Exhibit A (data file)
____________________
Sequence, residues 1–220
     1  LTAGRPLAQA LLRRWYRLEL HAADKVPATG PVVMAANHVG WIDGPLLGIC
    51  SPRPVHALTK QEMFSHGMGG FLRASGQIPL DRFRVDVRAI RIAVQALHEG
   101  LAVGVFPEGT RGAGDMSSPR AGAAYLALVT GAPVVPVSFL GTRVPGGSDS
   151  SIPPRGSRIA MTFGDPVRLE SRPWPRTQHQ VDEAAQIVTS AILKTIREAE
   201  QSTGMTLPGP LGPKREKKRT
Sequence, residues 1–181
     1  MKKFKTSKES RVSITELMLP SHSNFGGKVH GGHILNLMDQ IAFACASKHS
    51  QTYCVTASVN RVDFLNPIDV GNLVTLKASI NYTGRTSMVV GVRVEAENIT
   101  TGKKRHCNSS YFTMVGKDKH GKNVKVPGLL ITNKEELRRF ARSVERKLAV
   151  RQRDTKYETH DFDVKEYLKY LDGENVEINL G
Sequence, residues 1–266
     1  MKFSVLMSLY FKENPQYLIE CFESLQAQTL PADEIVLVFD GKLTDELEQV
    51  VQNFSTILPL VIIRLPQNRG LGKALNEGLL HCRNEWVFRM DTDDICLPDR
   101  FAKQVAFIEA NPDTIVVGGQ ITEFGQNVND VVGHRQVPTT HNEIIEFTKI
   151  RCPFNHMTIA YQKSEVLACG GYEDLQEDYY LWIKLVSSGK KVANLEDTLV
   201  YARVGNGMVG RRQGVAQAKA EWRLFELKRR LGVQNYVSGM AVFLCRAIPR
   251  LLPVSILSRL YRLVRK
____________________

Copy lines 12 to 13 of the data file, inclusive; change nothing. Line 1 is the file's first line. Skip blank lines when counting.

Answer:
Sequence, residues 1–266
     1  MKFSVLMSLY FKENPQYLIE CFESLQAQTL PADEIVLVFD GKLTDELEQV